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Our thoughts on the latest developments impacting your business.

Evolution in business – it’s not for the faint hearted

Making your mind up
Which way should I go?

In 2014 our marketing and business development practice marks its tenth anniversary. I must admit that in 2004 when our company commenced trading I didn’t dare to think about whether we would still be in business ten years later. But looking back over our development we’ve learnt a valuable lesson which we can bring to the benefit of our clients.

During our near decade of client liaisons I consider our marketing practice has been quite fortunate in that we have been asked to tackle a very broad range of problems, for a very wide range of clients. Perhaps this comes from a level of versatility borne out of our willingness to deliver a ‘can do attitude’, or it may come from the trust and expectations that our clients place upon us, knowing that we can and do deliver what is required or it may come from a basic need to adapt and survive? Don’t think we wouldn’t reject a request if it doesn’t fit with our core competences because that is definitely not the case. We do periodically find that if our skills don’t suit our clients’ needs or if we have limited capacity at the time of the approach, then we will invariably turn work away or recommend others better suited. However, we always consider from the outset that if we are being asked for a particular service, it’s being asked for a reason.

As marketers perhaps we have the advantage of knowing that we must adapt to stay in business but only by offering subtle changes from what was once our core offering – direct marketing and database management (DM).

In 2004 our skills lay solely in communications, but by 2006 we had already seen a change in the markets which we worked that required us to transform our offering, not by completely discarding what had helped us survive for two years without any bank support, but by carefully introducing new services that would allow us to migrate towards new and more prosperous areas, namely strategic and research services. But how would we do this? Well expanding our understanding through a range of additional training would certainly be a prerequisite but so too would a change in our branding, from direct marketing and database management to defining marketing (DM). This subtle change would allow us to fully integrate our extended service provision.

Making these changes would allow us to remain of value to our existing clients, whilst creating the opportunity to secure new ones that would find our broader skills learnt from our inception even more valuable. If we are being asked for help in a new way it’s our philosophy as marketers to learn to adapt and to exploit these chances, after all many businesses aren’t even asked by clients if they can adapt what they provide, instead choosing to freely search out a new supplier who can offer what they seek.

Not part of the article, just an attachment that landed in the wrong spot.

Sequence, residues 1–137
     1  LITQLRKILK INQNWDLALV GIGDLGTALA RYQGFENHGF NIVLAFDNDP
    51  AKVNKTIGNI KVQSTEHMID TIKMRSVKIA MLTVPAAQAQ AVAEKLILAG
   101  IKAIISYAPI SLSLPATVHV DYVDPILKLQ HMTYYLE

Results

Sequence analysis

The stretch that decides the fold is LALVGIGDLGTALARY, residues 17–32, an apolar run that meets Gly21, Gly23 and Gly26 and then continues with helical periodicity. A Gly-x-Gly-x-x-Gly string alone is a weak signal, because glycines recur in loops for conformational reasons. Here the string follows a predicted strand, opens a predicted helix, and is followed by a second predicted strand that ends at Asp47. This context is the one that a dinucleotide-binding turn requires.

But by changing our offer, not only do we learn to adapt but in so doing we keep our relationships ‘fresh’ and valued, that’s how modern businesses evolve, by not waiting for a market to become saturated and stagnate, and thus setting in process the route for a slow painful death.

We’ve all heard people say, “if only I knew ten years ago what I know today, how much better off I’d be”. However, what this statement fails to recognise for those who use it is that we should always be continuing to learn and adapt. Isn’t that one of life’s great stories? If we knew everything when we were younger there would be no need for evolution, especially in business and the world would be a much duller place in which to operate.

As marketers I guess we are fashioned by what we learn around us. The marketing model developed by Michael Porter and referred to as Porters Five Forces teaches us that impacts upon our businesses can come from known and unknown competition and can take many forms, either improvements to our offer or from new methodologies that render what we once did as no longer viable. Challenges to our position can come from several directions, so when opportunity knocks make sure you are ready to evaluate it thoroughly. One thing is for certain, customers and clients value what’s hot and rather than what’s not. In the case of our manufacturing clients this translates more importantly into whose making what’s hot and what’s not!

If you were to walk away from every opportunity that permits you to adapt and survive and instead you stay ‘loyal’ to what you’ve always done, then you would never learn anything new, isn’t that why the phrase, ‘invention is the mother of all necessity’ was coined?

By the time you’re old you’ve learned everything. You just have to be brave enough to learn how to use it when it will make a difference.

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